A century and a half ago today, the guns of Gettysburg fell eerily silent. The end of the bloodiest chapter in American history was over, the Confederate Army was on the run, and the end of slavery was a mere two years off. And though the Civil War often seems like a relic owned by the East Coast and its cemeteries and historical battle reenactments, California certainly played a role in the outcome of the war that shaped America’s identity, divided it, and reunited it all at once.
Like the rest of the nation, Californians were divided by the war. Some wanted to secede, others enlisted on the side of the Union, and in the election of 1864, the state overwhelmingly cast its vote for Lincoln.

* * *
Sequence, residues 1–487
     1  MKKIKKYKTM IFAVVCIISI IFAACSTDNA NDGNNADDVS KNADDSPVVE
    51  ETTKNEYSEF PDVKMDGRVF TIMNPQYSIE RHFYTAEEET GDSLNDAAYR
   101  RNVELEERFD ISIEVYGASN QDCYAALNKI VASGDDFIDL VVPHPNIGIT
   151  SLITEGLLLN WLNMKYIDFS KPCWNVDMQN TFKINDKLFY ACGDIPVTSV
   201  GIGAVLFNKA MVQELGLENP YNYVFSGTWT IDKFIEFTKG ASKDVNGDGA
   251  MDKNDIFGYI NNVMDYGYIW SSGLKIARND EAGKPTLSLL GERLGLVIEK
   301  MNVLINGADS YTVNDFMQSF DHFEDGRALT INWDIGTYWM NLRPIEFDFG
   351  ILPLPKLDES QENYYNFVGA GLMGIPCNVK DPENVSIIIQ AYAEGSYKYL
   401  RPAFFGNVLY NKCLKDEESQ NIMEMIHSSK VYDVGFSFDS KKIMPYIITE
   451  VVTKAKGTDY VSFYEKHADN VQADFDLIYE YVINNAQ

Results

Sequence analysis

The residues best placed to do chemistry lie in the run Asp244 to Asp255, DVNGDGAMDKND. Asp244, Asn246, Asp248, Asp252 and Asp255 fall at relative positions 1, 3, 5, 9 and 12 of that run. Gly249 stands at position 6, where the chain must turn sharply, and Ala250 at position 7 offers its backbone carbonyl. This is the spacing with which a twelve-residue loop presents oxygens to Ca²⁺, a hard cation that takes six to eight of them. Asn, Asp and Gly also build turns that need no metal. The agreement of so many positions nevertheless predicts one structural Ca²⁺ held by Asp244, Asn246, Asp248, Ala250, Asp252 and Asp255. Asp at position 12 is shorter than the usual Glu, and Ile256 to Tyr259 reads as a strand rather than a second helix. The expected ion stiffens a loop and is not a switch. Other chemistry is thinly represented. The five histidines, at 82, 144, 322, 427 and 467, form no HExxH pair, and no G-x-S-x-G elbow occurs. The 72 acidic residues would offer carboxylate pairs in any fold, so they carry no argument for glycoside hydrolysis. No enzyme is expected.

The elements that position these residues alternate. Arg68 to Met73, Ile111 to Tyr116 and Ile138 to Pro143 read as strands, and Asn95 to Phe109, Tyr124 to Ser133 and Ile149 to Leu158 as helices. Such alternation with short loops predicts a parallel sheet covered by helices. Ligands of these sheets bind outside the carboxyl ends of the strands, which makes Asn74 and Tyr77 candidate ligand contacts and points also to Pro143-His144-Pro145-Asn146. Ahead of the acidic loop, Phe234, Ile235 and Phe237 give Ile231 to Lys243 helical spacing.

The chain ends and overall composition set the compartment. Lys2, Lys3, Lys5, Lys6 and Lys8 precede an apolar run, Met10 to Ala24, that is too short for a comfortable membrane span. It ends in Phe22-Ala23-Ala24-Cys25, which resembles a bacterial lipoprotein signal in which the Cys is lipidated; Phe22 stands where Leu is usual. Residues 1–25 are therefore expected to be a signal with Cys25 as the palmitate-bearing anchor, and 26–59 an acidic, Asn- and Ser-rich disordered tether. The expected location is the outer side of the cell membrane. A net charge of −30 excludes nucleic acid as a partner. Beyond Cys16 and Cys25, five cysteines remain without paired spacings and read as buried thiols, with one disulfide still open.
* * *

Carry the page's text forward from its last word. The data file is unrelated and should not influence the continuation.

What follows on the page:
But with so much distance between themselves and the battlefields of Gettysburg, Bull Run, and Antietam, did California really have skin in the war? How did Californians play a role, and was it a decisive one?
Joan Waugh, a UCLA professor of history, Civil War authority and author of the award-winning 2009 biography “U.S. Grant: American Hero, American Myth” (UNC Press).
Daniel Lynch, UCLA doctoral candidate